Second, NOTHING is certain. The details of our potential demise may prove to be over drawn … or understated. In any event, investment firms always include a disclaimer lest you gamble too much of your stock on even their best advice. So don’t throw up your hands just yet. But you damn well better be on the edge of your seat by now. Because even the realistically best case outcomes involve the unsettling of civilization from its moorings. There is NO future that is not a rocky ride. But there might be several potential tomorrows in which human extinction does not figure. If that relieves you, go back to my first point because we can’t afford relief right now. We need pitched tension to harness the energy necessary in this uncertain moment.

Third, pick up your cello.

As I gathered my thoughts in silence after reading The Guardian piece tonight, my mind turned to Vedran Smailović. In 1992 he became known as “the cellist of Sarajevo” when he choose to play his cello for twenty-two days in the midst of a ruined town square after a mortar blast killed twenty-two people simply waiting in line for bread. Against the backdrop of a city undone by the worst impulses of a twisted humanity, Smailović choose beauty. His cello playing—an act of reckless courage—was at once a judgment against the madness that reduced the city to ruins and a testament to the unbowed beauty of the human soul.

It’s time for each of us to pick up our cellos. The impulse will be to pick up our guns … or devolve into despair. We must fight both of those impulses. Instead, bracing yourself for the inevitability of death, choose to make beauty, come what may.

For me, that choice means articulating the theology that can keep our humanity from fraying while fraying is exactly what our climate will be doing. It means writing directly about climate so that we can name, face, and fathom the peril that approaches. But it also means crafting an entire progressive theology—accessible to lay people—that anchors meaning in our daily lives: from birth to death and embracing all the tumult and transition in between. We will need that tune (rooted in God’s grace!) faithfully serenading us in the midst of both real and metaphoric buildings that will be in ruins around us. It means using my gift of words to celebrate instances of transcendent joy that seem to have no justification—and yet are—as well as to plumb the depths of anguish that will be ours to own.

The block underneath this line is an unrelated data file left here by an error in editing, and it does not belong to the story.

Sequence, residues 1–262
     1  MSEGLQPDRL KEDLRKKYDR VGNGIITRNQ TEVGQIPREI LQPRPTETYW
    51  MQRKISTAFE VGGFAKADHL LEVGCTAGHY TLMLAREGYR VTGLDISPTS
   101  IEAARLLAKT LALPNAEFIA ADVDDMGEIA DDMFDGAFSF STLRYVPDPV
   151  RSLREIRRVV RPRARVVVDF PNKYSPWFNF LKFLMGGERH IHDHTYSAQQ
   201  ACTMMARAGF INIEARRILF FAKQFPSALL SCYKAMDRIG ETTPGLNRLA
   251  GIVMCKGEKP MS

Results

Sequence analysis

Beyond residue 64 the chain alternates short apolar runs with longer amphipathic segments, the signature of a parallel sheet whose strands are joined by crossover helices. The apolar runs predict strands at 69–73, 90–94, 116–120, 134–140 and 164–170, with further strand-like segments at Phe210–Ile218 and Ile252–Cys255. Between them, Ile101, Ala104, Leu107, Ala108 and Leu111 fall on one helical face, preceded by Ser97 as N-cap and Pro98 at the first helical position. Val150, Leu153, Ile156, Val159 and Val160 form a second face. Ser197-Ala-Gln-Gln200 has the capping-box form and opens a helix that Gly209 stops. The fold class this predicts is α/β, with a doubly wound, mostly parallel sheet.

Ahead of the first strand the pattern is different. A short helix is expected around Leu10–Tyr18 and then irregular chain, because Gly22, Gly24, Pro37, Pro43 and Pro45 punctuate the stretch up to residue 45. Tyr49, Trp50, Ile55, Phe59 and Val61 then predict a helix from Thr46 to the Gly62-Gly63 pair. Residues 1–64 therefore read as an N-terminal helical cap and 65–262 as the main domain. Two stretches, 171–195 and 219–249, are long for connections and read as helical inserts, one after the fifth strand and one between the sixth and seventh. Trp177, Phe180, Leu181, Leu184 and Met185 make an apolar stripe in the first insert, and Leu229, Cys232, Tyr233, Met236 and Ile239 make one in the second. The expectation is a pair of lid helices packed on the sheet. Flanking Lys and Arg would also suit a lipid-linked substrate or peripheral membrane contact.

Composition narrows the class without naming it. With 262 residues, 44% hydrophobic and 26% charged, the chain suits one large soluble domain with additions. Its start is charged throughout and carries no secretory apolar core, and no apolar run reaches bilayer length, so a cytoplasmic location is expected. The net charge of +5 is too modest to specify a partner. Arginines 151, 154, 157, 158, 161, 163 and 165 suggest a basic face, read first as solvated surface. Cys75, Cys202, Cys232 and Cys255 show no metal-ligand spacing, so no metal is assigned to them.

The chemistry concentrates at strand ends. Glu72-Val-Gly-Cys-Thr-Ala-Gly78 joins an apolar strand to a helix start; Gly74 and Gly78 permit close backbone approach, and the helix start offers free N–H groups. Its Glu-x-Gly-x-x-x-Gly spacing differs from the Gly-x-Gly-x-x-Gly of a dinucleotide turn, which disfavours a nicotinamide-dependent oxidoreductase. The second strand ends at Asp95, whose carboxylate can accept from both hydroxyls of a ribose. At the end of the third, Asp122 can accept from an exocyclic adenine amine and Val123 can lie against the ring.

That’s my cello. And I’m quietly, busily tuning it up.

Might I suggest that you look inward and outward—to your own gifts, passions, and skills—to ask yourself in full earnest what your cello will be. And then start tuning it up as well. With JPMorgan now banking on an apocalypse, it’s time for a whole bunch of us to start banking on beauty and faith instead.

*    *    *

David Weiss is a theologian, writer, poet and hymnist, doing “public theology” around climate crisis, sexuality, justice, diversity, and peace. Reach him at drw59mn(at) Read more at where he blogs under the theme, “Full Frontal Faith: Erring on the Edge of Honest.” Support him in writing Community Supported Theology at